During the Persian and Hellenistic periods, the cult of Qos reached its peak, spearheaded by the migration of Edomite people to the southern hills of former Judah, a region now known by the Greek name of Idumaea. Centuries later, Qos was worshiped by the Nabataeans of southern Transjordan and some northern Arabian groups. Qos disappears from our records in the first centuries C.E.
Edomite Theophoric names in the Bible
Some biblical names have the element of Qos in them, calling attention to the Edomite origins or religious affiliation of their bearers.
Barkos (ברקוס)—literally “son of Qos” in Aramaic, appears once in the Bible, as the name of a head of a family of Judahite temple slaves that returned from the Babylonian captivity (Ezra 2:53; Neh 7:55). The same name appears on a Persian period Aramaic ostracon in Beersheba, and in an inscription from 6th/5th century B.C.E. Babylon (Akkadian ba-ar-ḳu-su).
Kushaiah (קושיהו)— father of Ethan, a Merarite Levite who accompanies the ark of God on its return to Jerusalem (1 Chr 15:17). The name may include both the theophoric element Qos as well as YHWH, perhaps reflecting a syncretistic “Qaus is YHWH.” Some scholars dismiss this understanding on the grounds that Qos is supposedly never spelled with š, but the fact that the name qsmlk (“Qos is/has become king”) is written in at least one text as qšmlk, negates this objection.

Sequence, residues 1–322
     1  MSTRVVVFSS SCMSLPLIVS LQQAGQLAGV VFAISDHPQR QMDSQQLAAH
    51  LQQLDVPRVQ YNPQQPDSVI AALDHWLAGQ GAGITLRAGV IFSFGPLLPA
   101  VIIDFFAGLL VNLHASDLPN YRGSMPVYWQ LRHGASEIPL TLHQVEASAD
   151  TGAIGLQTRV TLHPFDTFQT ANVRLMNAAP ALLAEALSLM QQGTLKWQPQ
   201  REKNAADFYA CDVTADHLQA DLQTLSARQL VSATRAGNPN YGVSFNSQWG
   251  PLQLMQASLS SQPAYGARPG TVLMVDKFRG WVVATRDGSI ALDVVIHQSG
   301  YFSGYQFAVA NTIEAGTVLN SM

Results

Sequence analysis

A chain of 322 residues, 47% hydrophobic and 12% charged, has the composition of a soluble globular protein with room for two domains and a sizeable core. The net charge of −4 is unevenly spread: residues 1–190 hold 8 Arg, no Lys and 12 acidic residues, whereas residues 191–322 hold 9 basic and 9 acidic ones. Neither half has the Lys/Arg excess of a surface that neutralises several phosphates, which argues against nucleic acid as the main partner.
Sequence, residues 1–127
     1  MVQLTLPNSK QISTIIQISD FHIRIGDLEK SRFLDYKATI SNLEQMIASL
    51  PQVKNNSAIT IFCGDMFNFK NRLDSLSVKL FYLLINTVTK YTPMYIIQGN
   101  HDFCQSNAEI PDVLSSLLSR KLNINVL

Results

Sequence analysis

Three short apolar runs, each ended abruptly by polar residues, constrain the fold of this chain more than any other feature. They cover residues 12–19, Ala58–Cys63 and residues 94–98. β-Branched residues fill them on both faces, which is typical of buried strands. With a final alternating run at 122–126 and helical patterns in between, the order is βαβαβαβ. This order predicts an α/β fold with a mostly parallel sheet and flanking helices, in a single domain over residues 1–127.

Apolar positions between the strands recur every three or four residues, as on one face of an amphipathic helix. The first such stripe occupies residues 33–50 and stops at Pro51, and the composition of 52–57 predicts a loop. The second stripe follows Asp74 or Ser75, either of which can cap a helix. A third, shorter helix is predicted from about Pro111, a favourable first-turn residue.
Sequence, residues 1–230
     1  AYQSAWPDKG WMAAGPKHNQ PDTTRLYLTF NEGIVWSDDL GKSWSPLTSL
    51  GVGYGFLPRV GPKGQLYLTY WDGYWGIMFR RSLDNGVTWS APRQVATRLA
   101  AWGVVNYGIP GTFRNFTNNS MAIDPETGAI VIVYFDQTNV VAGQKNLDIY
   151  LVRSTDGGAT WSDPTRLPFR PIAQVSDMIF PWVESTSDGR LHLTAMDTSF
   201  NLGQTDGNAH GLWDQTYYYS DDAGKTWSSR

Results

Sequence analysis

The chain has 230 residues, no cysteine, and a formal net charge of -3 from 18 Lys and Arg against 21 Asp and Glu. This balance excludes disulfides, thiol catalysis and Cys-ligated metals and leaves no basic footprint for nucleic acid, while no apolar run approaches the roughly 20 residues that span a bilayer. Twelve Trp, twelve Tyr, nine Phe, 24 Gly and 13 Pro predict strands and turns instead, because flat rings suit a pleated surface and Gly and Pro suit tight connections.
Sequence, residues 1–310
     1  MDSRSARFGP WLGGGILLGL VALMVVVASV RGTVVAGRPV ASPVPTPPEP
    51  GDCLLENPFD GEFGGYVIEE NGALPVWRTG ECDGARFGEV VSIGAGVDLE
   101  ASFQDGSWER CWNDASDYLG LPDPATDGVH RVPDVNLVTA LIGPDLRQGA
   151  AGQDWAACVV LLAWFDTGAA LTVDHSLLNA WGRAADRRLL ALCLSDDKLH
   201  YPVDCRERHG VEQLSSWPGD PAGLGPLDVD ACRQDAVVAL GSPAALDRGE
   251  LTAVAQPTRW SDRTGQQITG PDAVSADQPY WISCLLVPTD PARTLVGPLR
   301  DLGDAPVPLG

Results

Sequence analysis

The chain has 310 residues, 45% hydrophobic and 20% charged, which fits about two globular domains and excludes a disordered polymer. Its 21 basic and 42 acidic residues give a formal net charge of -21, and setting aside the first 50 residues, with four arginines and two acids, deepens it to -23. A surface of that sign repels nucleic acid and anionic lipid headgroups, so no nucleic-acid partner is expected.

Obed Edom (עבד־אדום)—This name is given to four separate biblical characters:
- Obed Edom the “Gittite,” to whose house David brought the ark of God (2 Sam 6:10-12; 1 Chron 13:13-14);
- Obed Edom ben Jeduthun, a Levite that served as gatekeeper and musician before the ark of God in David’s times (1 Chron 15:18, 21, 24-25; 16:5, 38);
- Obed Edom, whose descendants are listed as temple gatekeepers in 1 Chron 26:4, 8, 15 (this may be the same person in the previous listing);
- Obed Edom, who lives during Amaziah’s reign, this time taking care of the temple treasures when Jehoash king of Israel pillaged the temple (2 Chron 25:24).
The name parallels the Yahwistic עובדיה Obadiah (Servant of Yah), and is an oblique reference to Qos. While the name means “servant of Edom,” it should likely be understood as “the servant of [Qos, the god/lord of] Edom.”
Veiled Biblical References to Qos
Two biblical texts contain oblique references to Qos, playing on graphemic and phonetic similarities with the name of the Edomite god.
El-Qom/El-Qos in Proverbs
The first may be hidden behind a scribal error: